I'm a new cellist but a guitarist first and foremost. What frustrates me most about my cello is that the pegs seem to slip and the strings go slack - no matter how tightly I push the peg in. What can I do?
Also, has anyone tried any of those Pegheds (website: pegheds.com) that are supposed to prevent slippage and the need for fine tuners? I'm also curious to know what anyone thinks about converting the cello pegs to machine heads like a guitar or bass. Is that feasible?
Wooden pegs in wooden holes could be considered a design flaw in an otherwise remarkably elegant system. When the pegs fit the holes perfectly they work beautifully, effortlesly. But with changes in humidity, the ebony pegs shrink and swell (and not symetrically!) as do the holes in the maple peg box--and not at the same rate as the ebony. So they wear each other out--the pegs get deformed and the holes get bigger, and it gets harder and harder to make them stay in place. Time to take it to the shop to have them re-fitted. It's simply part of the maintenance routine. Eventually you run out of new wood on the pegs and they have to be replaced, which can happen several times over the course of an instrument's life. In time, the holes may become too big and need to be re-lined with new wood, called bushings. Adding abrasives like chalk may seem like a good idea in the short run, but it really makes the surfaces wear out faster.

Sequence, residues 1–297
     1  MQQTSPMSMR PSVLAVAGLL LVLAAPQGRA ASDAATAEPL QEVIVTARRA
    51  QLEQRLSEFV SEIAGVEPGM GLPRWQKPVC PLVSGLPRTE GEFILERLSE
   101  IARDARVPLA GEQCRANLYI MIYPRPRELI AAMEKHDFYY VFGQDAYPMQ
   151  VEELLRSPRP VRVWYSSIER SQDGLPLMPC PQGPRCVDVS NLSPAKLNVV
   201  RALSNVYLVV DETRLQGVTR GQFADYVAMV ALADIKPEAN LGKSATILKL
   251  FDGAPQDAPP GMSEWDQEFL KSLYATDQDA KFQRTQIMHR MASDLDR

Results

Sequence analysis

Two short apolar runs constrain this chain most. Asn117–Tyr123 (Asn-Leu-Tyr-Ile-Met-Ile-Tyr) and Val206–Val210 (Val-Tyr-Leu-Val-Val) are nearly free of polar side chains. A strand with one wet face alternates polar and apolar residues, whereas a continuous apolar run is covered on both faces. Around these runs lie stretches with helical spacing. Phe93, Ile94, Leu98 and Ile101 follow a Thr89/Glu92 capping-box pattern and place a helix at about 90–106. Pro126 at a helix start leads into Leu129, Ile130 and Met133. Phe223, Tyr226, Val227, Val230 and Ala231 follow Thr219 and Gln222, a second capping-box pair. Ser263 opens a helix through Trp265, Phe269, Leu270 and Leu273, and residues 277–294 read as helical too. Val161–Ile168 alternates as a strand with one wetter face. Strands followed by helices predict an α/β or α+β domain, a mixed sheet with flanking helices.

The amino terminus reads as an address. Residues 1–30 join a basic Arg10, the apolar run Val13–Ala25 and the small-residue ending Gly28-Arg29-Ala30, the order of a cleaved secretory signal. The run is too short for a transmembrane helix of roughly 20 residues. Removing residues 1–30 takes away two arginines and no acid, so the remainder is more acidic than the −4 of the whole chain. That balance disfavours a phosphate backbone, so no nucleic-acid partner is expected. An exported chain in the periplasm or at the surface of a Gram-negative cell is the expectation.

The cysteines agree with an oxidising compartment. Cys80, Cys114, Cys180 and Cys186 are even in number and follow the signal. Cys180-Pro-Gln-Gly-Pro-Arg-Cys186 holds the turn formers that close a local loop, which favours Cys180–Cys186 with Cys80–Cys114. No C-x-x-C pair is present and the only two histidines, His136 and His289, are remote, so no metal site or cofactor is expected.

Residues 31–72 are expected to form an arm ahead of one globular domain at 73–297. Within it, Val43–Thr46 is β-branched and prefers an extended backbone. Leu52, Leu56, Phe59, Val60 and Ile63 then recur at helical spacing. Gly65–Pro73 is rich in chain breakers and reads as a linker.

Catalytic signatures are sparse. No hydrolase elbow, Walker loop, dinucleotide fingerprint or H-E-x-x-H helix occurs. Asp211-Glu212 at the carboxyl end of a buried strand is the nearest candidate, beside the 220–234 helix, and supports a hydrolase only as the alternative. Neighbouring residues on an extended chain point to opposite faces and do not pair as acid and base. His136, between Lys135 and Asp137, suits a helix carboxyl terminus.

Pegheads or Planetary Pegs (same thing) work really well. When you turn the head, you're turning the gears inside the shaft, not the shaft itself, so there is no wear on the pegbox. The pegs work as accurately as fine tuners so there's no longer a need for those. I think there've been two drawbacks to acceptance: first, tradition. It's a change-resistant field. Second, appearance. They look pretty good but have still been made of plastic. I hear they're getting close to being able to manufacture them with wooden heads--maybe there're already there, now. Once they look like real pegs, nobody need be the wiser.